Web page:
What next for British Home Stores?
23 March 2016
- From the section Business
It is crunch time for one of the UK’s best-known High Street names, the troubled department store, British Home Stores (BHS).
Its creditors will vote on Wednesday on a deal it desperately needs to cut the rent bill for its 164 UK stores.
The loss-making retailer currently has debts of over £1.3bn, including a pensions deficit of £571m.
BHS was bought by billionaire Sir Philip Green for £200m in 2000, but he sold it last year for just £1.
It is now owned by Retail Acquisitions, a consortium of financiers, lawyers and accountants.
BHS – which has been loss-making for seven years – wants its creditors to agree to a Company Voluntary Arrangement (CVA).
In effect, this is a compromise financial deal which depends on them accepting reduced rents.
Otherwise BHS is likely to end up in administration, placing the jobs of its 10,000 workers at risk.
BHS says a deal to cut its rental costs is vital in order to turn around the loss-making business.
“Although a difficult process to go through, this sets in motion the comprehensive updated turnaround plan,” says its chief executive, Darren Topp.
The retailer has divided its stores into three groups – depending on their profitability.
For 77 stores the rents it pays will remain unchanged, while for 47 stores BHS is “seeking a reduction in rent to market levels”.
Its least-profitable 40 stores will continue to trade for a minimum period of 10 months while talks go ahead “to reduce rents substantially”, says the retailer.
At Wednesday’s meeting BHS needs 50% of its landlords and 75% of its creditors to agree to the deal.
However, Julie Palmer, retail analyst at insolvency experts Begbies Traynor, says BHS is confident it will get an agreement.
“It is passing the buck essentially to the landlords – with promise of a reduced but continued rental income for the next 10 months.”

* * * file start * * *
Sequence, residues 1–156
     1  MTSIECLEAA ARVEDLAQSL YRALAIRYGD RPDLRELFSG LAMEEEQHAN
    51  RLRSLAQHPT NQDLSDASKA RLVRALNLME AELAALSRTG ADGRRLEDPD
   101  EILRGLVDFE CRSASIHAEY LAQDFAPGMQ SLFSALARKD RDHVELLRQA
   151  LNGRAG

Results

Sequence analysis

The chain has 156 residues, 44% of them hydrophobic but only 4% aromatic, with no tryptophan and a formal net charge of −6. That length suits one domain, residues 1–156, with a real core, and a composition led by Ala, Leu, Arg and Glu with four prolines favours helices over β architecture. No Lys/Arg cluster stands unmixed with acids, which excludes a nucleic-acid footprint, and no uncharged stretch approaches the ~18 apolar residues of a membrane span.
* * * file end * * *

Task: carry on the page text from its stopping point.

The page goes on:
Mr Topp said a deal would give BHS “a secure financial footing from which to grow and deliver sustainable profitability”.
BHS is also in talks to address its pension deficits with the Pension Protection Fund, the government-supported rescue agency, as well as the Pensions Regulator and the BHS pension trustees.
BHS insists that it continues to meet its pension payment obligations.
But in BHS’s CVA submission, the retailer’s directors are clearly hoping that the two pension schemes will be transferred into the PPF and that the company would have no further liability to fund it.
Yet even if landlords agree a deal, BHS warns that it needs extra funding to trade beyond 25 March and it is trying to raise £100m.
BHS: A history of a High Street stalwart
- 1928: A group of American entrepreneurs set up British Home Stores. The first store is in Brixton and nothing in the store costs more than a shilling (5p) – double that of rival Woolworth’s maximum price of sixpence
- 1929: BHS raises its maximum price to five shillings (25p) allowing it to sell home furnishings, including drapery
- 1970: The firm expands steadily in the postwar era – by the beginning of the year it employs some 12,000 workers in 94 stores across the UK
- 1985: BHS begins to franchise its brand to stores around the world, to which it supplies products and support
- 1986: The store merges with designer Sir Terence Conran’s Habitat and Mothercare to form Storehouse Plc, and the “British Home Stores” name is replaced with “BhS”, then “Bhs” and eventually “BHS”
- 2000: Retail billionaire Sir Philip Green buys BHS from Storehouse Plc for £200m
- 2002: BHS becomes part of the Arcadia empire, controlled by Sir Philip, when he buys the clothing group and its Topshop, Dorothy Perkins and Burton brands
- 2005: The store resurrects its “British Home Stores” branding, but it is losing ground to cheaper rivals like Primark
- 2015: Sir Philip sells the loss-making BHS for £1 to Retail Acquisitions led by Dominic Chappell, writing off £215m of debts in the process
- 2016: BHS begins an insolvency procedure to reduce its rents and transfer its pensions liabilities into the Pension Protection Fund, the government-supported rescue agency
‘Tired and old-fashioned’
Crucially a deal does not mean that BHS’s long term future is secured, says Julie Palmer.
“It buys them time, but the fundamental issues still remain.”
With increasing competition from retailers like Primark and the internet, the challenge for BHS is to bring in shoppers, she says.
“What do BHS do, that nobody else does? If you look at homecare, Next do that better; and if you look at clothing, then Marks and Spencer do it better.”
The problem, says Ms Palmer, is that the BHS brand “is tired and old-fashioned and has not kept pace with the times”.
If BHS does eventually disappear, it would join its long-term rival Woolworths in failing to keep pace with a changing retail sector.
This post was written by FSB News